Minicel Seat Disaster

So i got myself a nice block of 3" minicel foam to carve a new seat (last seat flew off the roof, oops).  I loosely mapped out what i wished to carve away and began shaping with a radial orbit sander.  Now my seat is only half way carved and looks like a dog has been chewing on it;  the sander didn't take much away after a good half hour of sanding with 60 grit paper.  Any advice for a better tool or technique to shape a minicel seat?

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RE: Minicel Seat Disaster

Read this arcticle, you will find it very useful.

http://www.oneoceankayaks.com/Wshophtm/kayakseat18a.htm

Also in my experiance 120grit actually works much better and quicker than 60grit on the minicell foam. Enjoy the black dust.

Jason

RE: Minicel Seat Disaster

I carved a seat in about two hours that has proven very comfortable. First I cut it roughly to shape with a sharp knife that was made to cut foam. Then I shaped it with a Stanley Surform file - the little curved one. Finally, I finished it off with 120 grit paper. Coarser paper will tear the material, as you unfortunately learned. You can see photos near the end of my blog at http://twofootartist.com/merganser-construction-notes/ -Wes

RE: Minicel Seat Disaster

Having lost my seat in the wind just before going to Maine to visit friends I picked up a block of microcell with the intent of hand carving a new one.  Didn't like the slow progress so checked out their garage for a sanding disc to chuck in my power drill.  INSPIRATION, an electric chain saw!  The seat was formed in about 15 minutes.  Final fit was done with hand sanding. 

 The end of the bar is perfect for the curves.

RE: Minicel Seat Disaster

I used a wire wheel inmy drill.  You need to control it very carefully, but it will definitely remove the material.  The rasp seems to be a good way to finish of off.

Paul

RE: Minicel Seat Disaster

Well, I hope you learned a lesson here, I recomend that anytime you transport a yak, you use a cockpit cover on it.  It keeps you from losing seats (that should be glued down) and other gear you may want to transport in there(wet PFDs) but it also keeps out weather and debris from blowing in at high speeds.  But mostly it keeps undo stress of wind beating on your bulkheads causing them to leak.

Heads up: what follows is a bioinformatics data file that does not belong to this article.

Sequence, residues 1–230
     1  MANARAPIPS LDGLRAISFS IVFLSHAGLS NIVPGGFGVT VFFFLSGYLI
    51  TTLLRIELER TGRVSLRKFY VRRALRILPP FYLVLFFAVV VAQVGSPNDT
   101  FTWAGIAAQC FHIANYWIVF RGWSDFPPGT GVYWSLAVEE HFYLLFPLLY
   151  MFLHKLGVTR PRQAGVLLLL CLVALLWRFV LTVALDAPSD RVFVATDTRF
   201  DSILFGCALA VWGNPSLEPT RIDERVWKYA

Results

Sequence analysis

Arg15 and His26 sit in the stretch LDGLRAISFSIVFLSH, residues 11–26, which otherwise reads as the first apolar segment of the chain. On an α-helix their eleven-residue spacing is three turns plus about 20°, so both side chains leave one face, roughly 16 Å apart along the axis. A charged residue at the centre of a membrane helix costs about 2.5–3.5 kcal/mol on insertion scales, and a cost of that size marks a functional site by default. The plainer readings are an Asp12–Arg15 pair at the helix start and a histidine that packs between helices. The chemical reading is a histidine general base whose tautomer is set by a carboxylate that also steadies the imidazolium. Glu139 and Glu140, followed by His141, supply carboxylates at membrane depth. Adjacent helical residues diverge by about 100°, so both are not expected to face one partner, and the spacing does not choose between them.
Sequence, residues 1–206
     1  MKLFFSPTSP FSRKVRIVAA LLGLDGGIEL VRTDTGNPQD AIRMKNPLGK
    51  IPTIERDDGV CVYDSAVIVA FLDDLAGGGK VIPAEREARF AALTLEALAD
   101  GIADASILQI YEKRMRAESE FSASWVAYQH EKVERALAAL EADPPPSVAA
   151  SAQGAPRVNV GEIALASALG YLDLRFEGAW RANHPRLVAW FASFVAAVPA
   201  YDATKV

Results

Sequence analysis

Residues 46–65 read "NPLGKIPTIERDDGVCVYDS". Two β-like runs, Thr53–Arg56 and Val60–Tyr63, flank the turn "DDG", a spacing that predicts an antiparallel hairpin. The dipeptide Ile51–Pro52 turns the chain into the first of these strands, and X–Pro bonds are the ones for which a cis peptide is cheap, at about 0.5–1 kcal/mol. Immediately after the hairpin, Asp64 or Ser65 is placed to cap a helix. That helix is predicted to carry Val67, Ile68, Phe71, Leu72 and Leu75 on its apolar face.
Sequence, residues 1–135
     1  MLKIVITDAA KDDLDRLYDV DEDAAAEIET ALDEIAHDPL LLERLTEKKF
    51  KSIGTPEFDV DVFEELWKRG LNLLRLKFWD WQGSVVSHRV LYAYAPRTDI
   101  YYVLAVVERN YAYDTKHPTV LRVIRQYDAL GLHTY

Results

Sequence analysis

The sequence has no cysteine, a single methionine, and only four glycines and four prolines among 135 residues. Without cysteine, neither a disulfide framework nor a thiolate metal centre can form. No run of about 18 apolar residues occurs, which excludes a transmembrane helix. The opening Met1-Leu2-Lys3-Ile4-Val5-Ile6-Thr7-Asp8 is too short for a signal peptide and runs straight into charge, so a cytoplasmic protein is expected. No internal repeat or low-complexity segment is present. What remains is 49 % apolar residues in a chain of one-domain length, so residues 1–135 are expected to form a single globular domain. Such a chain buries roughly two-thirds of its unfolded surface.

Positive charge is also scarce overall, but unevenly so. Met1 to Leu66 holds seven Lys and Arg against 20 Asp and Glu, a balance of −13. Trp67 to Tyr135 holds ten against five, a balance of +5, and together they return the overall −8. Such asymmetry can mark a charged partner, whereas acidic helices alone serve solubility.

Sorry I can't tell you how to carve mini cell, I have never had to do it

RE: Minicel Seat Disaster

I am in the process of forming a seat for my Wood duck 10.  The problem I'm having is how to figure just how deep to go.  I have read the two sites refered to but still  I am at a loss just how deep is enough and what is to deep.   I'm using a bread knife and the stanly surform, works good.

Please some advise about dept!!

Coach C.

RE: Minicel Seat Disaster

Thanks everyone for the responses.  I'll get back to it with better sucess hopefully.  Kudos to C.Dubois for the most creative suggestion! haha.

RE: Minicel Seat Disaster

Responding to Clay's question: you only need about 1/2-inch thickness at the thinnest point. A well-carved seat will support your entire buttocks and upper thighs, spreading the weight evenly, so you don't need much padding at the contact points. It doesn't have to be perfect either, as the foam will gradually adapt to your shape with repeated use. -Wes

RE: Minicel Seat Disaster

Thank you Wes.  I will keep on digging. 

Have a great day.

Coach C.

RE: Minicel Seat Disaster

I like Wes's idea .I used a surform file to shape my thigh braces and hip pads. also used it ti rough cut the inside of my petrel before sanding . although some thought tht a litttle more then needed . Nick though I did a good job

b

RE: Minicel Seat Disaster

You might try an electric carving knife. It works better on foam than it does on turkey.   

Josey

RE: Minicel Seat Disaster

Try using Dragon Skin which is a fine metallic grating sheet available at Ace Hardware and possibly other hardware stores.

RE: Minicel Seat Disaster

I have used a disk paint stripper - about a 5 inch disc that looks like a scrubby on steriods - chucked into a hand drill.  It carves the minicel quickly.  You have to be careful to not let the edge of the disc "grab" the foam, or you can get a gouge.  When roughed out, you can ease up on the pressure and get a fairly smooth surface that doesn't need a lot of sanding.  These carved seats are great - you can even make hollows for your femur heads to avoid seat pressure.

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